The More is Less episode is particularly interesting for OR folks.  It starts with a twenty-minute discussion of some of the cost and effectiveness problems with health care.  The episode steps through one of the problems that grappled the medical community from the 1970s: geographic disparities in hysterectomies and other medical procedures in Maine and Vermont.  This baffled the doctors, since the disparities in hysterectomies across the state could not be explained by demographics, age, religion, or other factors, as was initially suspected.  One of the doctors who performed some of the analysis (Wennberg) concluded that 70% of women would receive hysterectomies in some communities. Maine doctors concluded that disparities were in part based on the doctors choosing to over-perform certain surgeries rather than the patients asking for procedures.

The episode continues to discuss why performing more medical procedures leads to more side effects and potential destruction in some cases, including the PSA tests for prostate cancer, thus exploring the tradeoff between cost and effectiveness.  These issues have been in the news quite a bit lately, particularly with the chance in mammogram screening recommendations.  These discussions in the news have included too much pandering and too little math and analysis, for the most part.   I’ve struggled to find good resources for a lay audience that address the numbers, so this episode was much appreciated.  I’ll leave the rest of the episode a mystery, so you can listen to it yourself.  The second episode (Someone Else’s Money) is not nearly as good, but examines health insurance in more detail.

Podcast Links:  More is Less and Someone Else’s Money.

Link: The Numbers Guy (WSJ) on Mammogram Math is also an interesting read.

Have you found any good references on lay explanations of the numbers behind health care and health insurance?

one more link

Yesterday, I posted a list of links that I shared with my class this semester.  I left one off.  I have quite a few pre-med students, so I like to talk about medical applications when necessary.  I shared a brief history of evidence-based medicine with my students, as conveniently summarized in a Business Week article.  The article is about David Eddy, the medical doctor turned operations researcher who transformed how medicine is practiced by using more math.  The article begs for more OR to be applied to health care applications:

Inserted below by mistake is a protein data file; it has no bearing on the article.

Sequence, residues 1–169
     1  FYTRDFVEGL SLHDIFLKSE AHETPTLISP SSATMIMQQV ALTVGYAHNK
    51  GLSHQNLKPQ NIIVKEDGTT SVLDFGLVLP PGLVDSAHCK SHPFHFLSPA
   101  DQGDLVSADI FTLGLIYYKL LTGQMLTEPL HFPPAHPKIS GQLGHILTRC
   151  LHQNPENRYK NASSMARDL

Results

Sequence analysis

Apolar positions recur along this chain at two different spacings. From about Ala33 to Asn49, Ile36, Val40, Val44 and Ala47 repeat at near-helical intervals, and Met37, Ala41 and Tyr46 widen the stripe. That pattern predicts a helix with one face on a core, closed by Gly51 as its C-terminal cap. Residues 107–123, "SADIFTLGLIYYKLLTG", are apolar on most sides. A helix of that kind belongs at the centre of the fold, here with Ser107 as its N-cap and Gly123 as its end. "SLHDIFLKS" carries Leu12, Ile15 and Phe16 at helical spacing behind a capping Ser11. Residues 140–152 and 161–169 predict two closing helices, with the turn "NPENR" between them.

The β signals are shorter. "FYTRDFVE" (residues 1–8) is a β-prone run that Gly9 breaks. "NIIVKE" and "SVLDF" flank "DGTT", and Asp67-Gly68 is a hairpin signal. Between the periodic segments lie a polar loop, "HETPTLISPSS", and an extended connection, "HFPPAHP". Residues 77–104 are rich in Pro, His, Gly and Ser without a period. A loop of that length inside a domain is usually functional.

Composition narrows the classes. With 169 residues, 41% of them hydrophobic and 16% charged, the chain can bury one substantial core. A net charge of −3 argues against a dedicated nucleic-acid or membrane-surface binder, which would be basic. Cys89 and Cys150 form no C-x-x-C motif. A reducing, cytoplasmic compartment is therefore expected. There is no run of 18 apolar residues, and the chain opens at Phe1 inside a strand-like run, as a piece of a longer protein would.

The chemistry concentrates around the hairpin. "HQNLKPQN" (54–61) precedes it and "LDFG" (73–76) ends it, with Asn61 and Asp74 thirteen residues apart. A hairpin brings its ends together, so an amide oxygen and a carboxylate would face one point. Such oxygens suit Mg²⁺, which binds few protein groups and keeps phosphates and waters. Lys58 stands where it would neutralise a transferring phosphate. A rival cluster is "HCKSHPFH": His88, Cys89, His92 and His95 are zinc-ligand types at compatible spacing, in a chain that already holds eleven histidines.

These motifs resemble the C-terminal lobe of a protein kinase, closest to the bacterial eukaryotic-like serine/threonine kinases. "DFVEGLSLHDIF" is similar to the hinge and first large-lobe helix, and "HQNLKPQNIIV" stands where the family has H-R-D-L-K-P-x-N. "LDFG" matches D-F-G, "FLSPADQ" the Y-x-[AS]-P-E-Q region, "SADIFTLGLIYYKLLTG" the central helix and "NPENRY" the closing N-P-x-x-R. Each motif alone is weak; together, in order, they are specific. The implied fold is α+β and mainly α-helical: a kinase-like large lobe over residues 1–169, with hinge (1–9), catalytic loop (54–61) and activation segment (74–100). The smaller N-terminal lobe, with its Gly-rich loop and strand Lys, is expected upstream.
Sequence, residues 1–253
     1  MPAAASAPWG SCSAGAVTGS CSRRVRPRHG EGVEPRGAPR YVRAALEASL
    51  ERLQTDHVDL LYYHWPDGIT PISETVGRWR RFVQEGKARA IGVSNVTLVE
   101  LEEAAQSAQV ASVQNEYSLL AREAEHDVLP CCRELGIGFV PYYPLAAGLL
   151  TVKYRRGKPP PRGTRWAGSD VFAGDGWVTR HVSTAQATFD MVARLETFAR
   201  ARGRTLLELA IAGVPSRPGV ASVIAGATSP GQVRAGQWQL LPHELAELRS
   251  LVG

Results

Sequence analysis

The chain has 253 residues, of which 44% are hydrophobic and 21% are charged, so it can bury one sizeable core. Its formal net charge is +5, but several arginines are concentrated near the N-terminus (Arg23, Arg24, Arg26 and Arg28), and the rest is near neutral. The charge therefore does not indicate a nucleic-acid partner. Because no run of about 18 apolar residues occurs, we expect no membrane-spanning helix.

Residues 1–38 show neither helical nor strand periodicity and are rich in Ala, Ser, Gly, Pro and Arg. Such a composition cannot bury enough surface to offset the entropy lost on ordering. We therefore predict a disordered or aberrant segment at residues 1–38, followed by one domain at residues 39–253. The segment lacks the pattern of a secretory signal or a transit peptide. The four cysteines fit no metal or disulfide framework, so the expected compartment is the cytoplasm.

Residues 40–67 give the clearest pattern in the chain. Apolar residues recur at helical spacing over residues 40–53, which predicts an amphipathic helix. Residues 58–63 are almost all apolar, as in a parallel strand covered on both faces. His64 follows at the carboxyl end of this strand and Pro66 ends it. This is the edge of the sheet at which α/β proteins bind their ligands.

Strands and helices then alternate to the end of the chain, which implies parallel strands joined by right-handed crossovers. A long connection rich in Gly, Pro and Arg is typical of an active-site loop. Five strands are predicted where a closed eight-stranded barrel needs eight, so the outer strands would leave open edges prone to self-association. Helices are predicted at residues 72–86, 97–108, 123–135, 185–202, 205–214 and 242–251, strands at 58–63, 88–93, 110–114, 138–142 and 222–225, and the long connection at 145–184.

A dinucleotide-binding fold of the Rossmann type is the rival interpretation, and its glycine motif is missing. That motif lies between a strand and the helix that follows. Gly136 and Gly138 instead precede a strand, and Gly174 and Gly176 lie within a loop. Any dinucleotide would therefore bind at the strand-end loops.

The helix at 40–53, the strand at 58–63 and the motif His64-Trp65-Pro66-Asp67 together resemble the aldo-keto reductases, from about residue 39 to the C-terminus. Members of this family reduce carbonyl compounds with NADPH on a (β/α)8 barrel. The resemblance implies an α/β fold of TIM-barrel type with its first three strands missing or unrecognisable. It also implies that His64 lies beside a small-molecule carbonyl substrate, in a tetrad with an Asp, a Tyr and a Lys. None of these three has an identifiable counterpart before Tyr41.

The human brain, Eddy explains, needs help to make sense of patients who have combinations of diseases, and of the complex probabilities involved in each.

The article describes many of the challenges in the medical domain as well as some of the benefits of using advanced analytical methods for approaching medicine.

[Eddy’s] PhD thesis made front-page news in 1980 by overturning the guidelines of the time. It showed that annual chest X-rays and yearly Pap smears for women at low risk of cervical cancer were a waste of resources, and it won the most prestigious award in the field of operations research, the Frederick W. Lanchester prize. Based on his results, the American Cancer Society changed its guidelines.

The recent changes in how we screen for prostate cancer and breast cancer are part of Eddy’s legacy.  They are controversial, but few medical treatments have been proven in clinical trials (the article estimates this could be as low as 20%).


OR and H1N1

This is the second of three posts about the INFORMS Annual Meeting.

I enjoyed a talk by Dr. Richard Larson of MIT about the timely topic of H1N1 and operations research.  I tuned out much of the alarmist news prior to the conference (to keep my sanity) and instead adopted a rigorous handwashing regimen.  Larson’s talk highlighted the many opportunities for addressing H1N1 issues using operations research, including:

  • Queuing for vaccinations.
  • Reneging on vaccinations (some health care workers are refusing required vaccinations).
  • Timing the vaccinations (before the prevalence peaks) is important for reducing risks, since youths are particularly susceptible to dying from H1N1..
  • Locating facilities to manage surge capacity when the epidemic hits.
  • Correctly diagnosing and isolating cases of H1N1.
  • Supply chains for vaccinations.

Larson and his collaborator Dr. Stan Finkelstein takes a different kind of focus, looking at personal choices, such as hand washing, coughing into sleeves, avoiding handshakes, and avoiding crowds.  They examine this issue through non-pharmaceutical interventions.  Someone infected with H1N1 infects about 1.5 people in the next 24 hours (on average).  This value is the mean of a random variable, which depends on personal choices (like handwashing).  He examines the conditions under which the average number of infections decreases below 1.0, when the virus essentially dies out (Similar to my reasoning on vampire populations).

Finkelstein, a medical doctor, discussed some of the policy results.  Initial reports suggested that H1N1 has a fatality rate of about 50% (Spanish flu has a FR of 3%).  After an initial panic, flu fatigue set in.  And the first wave of H1N1 resemble seasonal rather than pandemic flu.  But after the recent panicking, many of us simply have not been motivated to improve our personal choices to reduce H1N1 transmission.  Case in point, elbow bumping pictured below (instead of hand shaking) did not catch on at the conference as I had hoped. And the anti-bacterial hand gel was not located in useful places at the conference, so I used my own personal stash of anti-bacterial lotion after shaking hands.

I hope some of this research is used to lessen the impact of H1N1 this year before I am transformed into a germ-a-phobe.